🏳️‍🌈Pride Month- Celebrating Representation in TTRPGs🏳️‍🌈

I'm just going to shout out an indie LGBT+ TTRPG I love: Moonlight on Roseville Beach by R. Rook Studio.

Premise: Summer, 1979. Disco is on its way out while the AIDS Epidemic is on the horizon.

The players are a group of young folks trying to settle around Roseville Beach and Pinewood Harbor, an LGBT+ haven on Rose Island, just off the coast of Metropolis City, Manelin County, USA.

Problem (discounting the bigoted authorities on the mainland): Rose Island is also a hot bed for the supernatural. Witches, shapeshifters, cults to cosmic horrors. Hell, YOU might be one. Your goal? Make friends, pay your rent, and save your new home from evils both within and without.

Basically, The Shadows Over Fire Island. Love this game, love its style and aesthetic. It's also fairly light, mechanically (d6 dice pool with skills/magic). And the studio is doing a Kickstarter for a supplement, sometime in July. Hope that goes well, I need more of this.
 

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Gradine

The Elephant in the Room (she/they)
To speak to some of the earlier examples: if your only instances of queer representation are manipulative sexual predators... that's not great? It's pretty bad, actually? It's a finer line than it initially seems because queer identities aren't so precious that we can't or shouldn't ever depict them as wrong or even as evil but like... if the only bisexual in this entire campaign is exactly the kind of monster homophobic people describe gay people as, that's basically a tacit agreement with their characterizations.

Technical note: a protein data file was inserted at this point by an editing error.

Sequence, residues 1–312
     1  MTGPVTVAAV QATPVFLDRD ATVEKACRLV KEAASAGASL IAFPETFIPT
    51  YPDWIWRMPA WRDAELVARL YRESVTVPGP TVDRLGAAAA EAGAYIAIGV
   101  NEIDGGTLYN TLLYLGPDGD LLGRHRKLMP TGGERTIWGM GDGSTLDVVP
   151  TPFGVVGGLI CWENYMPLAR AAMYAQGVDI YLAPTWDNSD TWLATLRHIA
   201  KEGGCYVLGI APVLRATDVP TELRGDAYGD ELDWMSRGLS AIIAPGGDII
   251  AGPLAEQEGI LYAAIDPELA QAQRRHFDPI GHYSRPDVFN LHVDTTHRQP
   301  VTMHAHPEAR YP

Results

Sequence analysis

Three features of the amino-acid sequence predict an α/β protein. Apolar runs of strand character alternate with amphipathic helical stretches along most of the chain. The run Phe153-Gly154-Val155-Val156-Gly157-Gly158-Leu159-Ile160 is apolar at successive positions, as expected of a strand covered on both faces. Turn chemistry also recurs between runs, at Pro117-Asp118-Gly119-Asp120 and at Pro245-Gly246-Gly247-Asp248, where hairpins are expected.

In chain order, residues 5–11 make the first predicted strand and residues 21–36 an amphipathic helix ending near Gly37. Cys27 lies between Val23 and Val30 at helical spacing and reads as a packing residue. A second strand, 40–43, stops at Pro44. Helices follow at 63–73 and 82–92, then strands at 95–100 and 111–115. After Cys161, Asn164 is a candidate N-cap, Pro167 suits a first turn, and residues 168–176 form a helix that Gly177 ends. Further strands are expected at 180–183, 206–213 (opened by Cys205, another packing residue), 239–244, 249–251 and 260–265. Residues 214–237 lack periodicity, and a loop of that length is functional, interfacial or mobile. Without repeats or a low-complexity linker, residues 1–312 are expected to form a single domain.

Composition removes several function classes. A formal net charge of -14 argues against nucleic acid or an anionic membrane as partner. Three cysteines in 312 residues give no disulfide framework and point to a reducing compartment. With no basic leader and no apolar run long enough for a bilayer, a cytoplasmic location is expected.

Other forms of "representation" that we could actually do without:
1) Comedic relief where the "comedy" is entirely contained within the person's identity (modern Persona games combine this with the "sexual predators" thing above for absolutely HI-LARIOUS scenes like cross-dressing men dragging an unsuspecting teenage male protagonist off :rolleyes:)
2) Trans people who are there entirely to be fetishized (early Cyberpunk 2077 promo material, looking at you)
3) Non-binary characters who are amoral shapeshifters who thrive on deceit and chaos (aka The Reason It Took Me Years To Finally Finish She-Ra)
 


billd91

Not your screen monkey (he/him)
Huge shout out to Steve Kenson, one of the best writers, activists and RPG designers I've encountered.
Speaking of Steve Kenson, and by extension Mutants and Masterminds/Freedom City, he recently tweeted that people would say they were members of the Johnny Rocket fan club (Johnny Rocket being the first publicly out super in Freedom City).

 

Dannyalcatraz

Schmoderator
Staff member
Supporter
Just about everyone is bi on WWDITS (dunno about Colin Robinson). Guillermo is unusual for not being bi.
Well yeah- that tracks generally with a lot of lore & subtext about vampires and other immortal creatures of legend. But it was interesting & notable that one of the two characters in the house whose love lives we know so little about would come out. And hilariously implemented in the storyline. (A tad darkly, too.)
 



MGibster

Legend
o speak to some of the earlier examples: if your only instances of queer representation are manipulative sexual predators... that's not great? It's pretty bad, actually? It's a finer line than it initially seems because queer identities aren't so precious that we can't or shouldn't ever depict them as wrong or even as evil but like... if the only bisexual in this entire campaign is exactly the kind of monster homophobic people describe gay people as, that's basically a tacit agreement with their characterizations.